From the vast, icy plains of the Arctic Circle to the unpredictable, unstoppable force of the world’s biggest oceans, we compile the most deadly, feared, difficult and most extreme races know to man.
At PledgeSports, we’re huge fans of ultra-athletes and have helped many of them, from a wide range of sports, raise money through crowdfunding.
Here is our list of the world’s most extreme races, enjoy!
Alaska Mountain Wilderness Classic
Since beginning in 1982, approximately 15 people a year attempt to navigate more than 100 miles of treacherous Alaskan terrain. The race has no defined route, and participants must be skilled in self-rescue.
This year’s race experienced its first fatality when a race veteran died while crossing the Tana river.
Race Across America
They climb 170,000 feet along the way, one of the most strenuous altitude changes of any bike race. The winners usually average about 22 hours a day on their bikes, clocking about 250-300 miles in that period in order to complete the race under its 12-day limit.
Patagonia Expedition Race
Each day of the weeklong, 400-mile monster race covers a new route, so there’s no learning from those who have done it in a previous year. Teams of four race through southern Patagonia by means of trekking, biking, kayaking, and climbing to get from start to finish.
Iditarod Trail Invitational
55 racers take on the 1,000-mile course each year. They battle through freezing Alaskan wilderness from Knik Lake to Nome on a combination of foot, bike, and ski. Participants are on their own for days and must be self-sufficient with personal supplies and navigation. Results vary widely depending on the weather. In 2012, conditions were so bad that not a single racer finished the thousand miles. But in 2014, 16 people finished—the largest group in the event’s history.
The track descends over 10,000 feet to the jungle floor, before crossing an incredible 70 rivers and streams as it meanders through the jungle.
A 350-mile race where runners cross the Arctic Circle. Participants drag themselves and their sleds across very technical mountainous terrain between the Yukon and Northwest Territories where temperatures generally clock in at -25 degrees. Runners must complete the course within 8 days. Due to unpredictable weather and extreme conditions, only 11 people have finished the race in its seven-year history.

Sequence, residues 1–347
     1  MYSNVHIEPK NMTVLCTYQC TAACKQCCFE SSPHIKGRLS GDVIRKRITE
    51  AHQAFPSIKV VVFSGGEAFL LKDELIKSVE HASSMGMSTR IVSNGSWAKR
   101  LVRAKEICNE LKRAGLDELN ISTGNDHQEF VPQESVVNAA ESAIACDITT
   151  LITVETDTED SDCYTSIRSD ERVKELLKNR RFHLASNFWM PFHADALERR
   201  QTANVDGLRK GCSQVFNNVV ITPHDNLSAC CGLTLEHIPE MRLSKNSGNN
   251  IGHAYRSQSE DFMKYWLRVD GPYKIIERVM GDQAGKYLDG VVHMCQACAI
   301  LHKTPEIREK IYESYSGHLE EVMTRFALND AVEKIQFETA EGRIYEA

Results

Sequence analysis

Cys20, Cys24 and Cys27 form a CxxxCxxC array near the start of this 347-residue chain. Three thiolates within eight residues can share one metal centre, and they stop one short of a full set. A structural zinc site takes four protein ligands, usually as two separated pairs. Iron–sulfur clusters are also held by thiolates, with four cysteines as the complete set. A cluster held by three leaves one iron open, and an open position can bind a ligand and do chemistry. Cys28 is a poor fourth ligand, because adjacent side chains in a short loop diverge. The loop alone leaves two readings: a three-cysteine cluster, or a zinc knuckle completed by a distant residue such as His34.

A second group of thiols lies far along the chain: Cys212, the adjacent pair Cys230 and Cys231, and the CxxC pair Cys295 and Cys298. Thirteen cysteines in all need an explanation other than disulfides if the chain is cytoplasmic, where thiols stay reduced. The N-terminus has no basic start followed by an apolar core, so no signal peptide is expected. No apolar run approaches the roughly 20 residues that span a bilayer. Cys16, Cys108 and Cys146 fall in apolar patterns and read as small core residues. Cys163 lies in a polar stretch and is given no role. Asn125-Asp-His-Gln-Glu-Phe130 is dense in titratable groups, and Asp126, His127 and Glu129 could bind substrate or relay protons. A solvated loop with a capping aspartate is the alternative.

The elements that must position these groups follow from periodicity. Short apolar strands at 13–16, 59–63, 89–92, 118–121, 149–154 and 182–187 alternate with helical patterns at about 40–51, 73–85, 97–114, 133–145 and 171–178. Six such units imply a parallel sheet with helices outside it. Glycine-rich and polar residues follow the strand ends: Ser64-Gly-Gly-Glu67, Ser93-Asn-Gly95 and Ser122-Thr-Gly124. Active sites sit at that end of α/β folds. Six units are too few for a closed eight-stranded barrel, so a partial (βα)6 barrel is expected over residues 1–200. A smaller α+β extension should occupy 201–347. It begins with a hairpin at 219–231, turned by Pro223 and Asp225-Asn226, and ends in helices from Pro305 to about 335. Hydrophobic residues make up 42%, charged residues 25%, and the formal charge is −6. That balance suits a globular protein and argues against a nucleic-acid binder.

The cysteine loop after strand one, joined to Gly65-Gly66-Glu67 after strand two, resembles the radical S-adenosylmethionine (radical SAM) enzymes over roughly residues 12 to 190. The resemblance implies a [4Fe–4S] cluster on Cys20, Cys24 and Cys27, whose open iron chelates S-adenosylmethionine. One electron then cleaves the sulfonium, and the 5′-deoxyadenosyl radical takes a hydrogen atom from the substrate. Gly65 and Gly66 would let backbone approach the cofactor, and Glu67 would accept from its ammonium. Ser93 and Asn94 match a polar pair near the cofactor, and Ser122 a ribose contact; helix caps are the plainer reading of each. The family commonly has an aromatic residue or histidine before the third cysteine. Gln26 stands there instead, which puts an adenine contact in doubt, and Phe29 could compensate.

The Tour Divide
Departing from New Mexico, the race’s 2,745-mile course takes bikers on dirt roads, jeep trails, and through volatile high-altitude weather and extreme desert heat. Riders average 170 miles of pedaling per day and will climb 200,000 vertical feet over the course of the race. “By day four, I couldn’t keep my eyes open,” said Jefe Branham, the 2014 winner who finished in 16 days, 2 hours, and 39 minutes. The self-supported race comes at a cost: “I probably spent $1200 on food. And I was doing it cheaply.”
Volvo Ocean Race
The longest race in the world pits teams of eight against each other as they sail non-stop for days at a time. In 2011, due to concerns over piracy in the Indian Ocean, the multi-million-euro boats were lifted onto armed ships and dropped at a safe port in the Maldives. Five sailors have lost their lives while competing.
35 runners a year attempt 100 unsupported miles on the remote trails and forest service roads of Washinton’s Cascades. Just over 100 have finished since the race started in 1997, and on four occasions no one completed the full distance. The race pits competitors entirely on their own. There are no aid stations or pace-setters, and runners who drop out have to figure out how to get back to safe ground on their own.
The 100-mile unsupported Barkley in the Tennessee has only been finished 16 times since its start in 1986. Inspired by a prison escape, forty runners attempt to cover 65,000 feet of vertical change over the course’s five unmarked 20-mile loops.
To make things more interesting, racers must stay within the 60-hour time limit to be considered an official finisher. While most mountainous races include switchbacks, the Barkley sends runners straight uphill.
There are checkpoints along the way, but how racers get to each one is up to them. The race, which runs the length of Wales from north to south, was first held in 1992 and recently started again after a 20-year hiatus. The fastest racers spend 8 hours per day competing, while the slower ones managed about 18 hours. In 2012, 85 people started the race and only 32 crossed the finish line.
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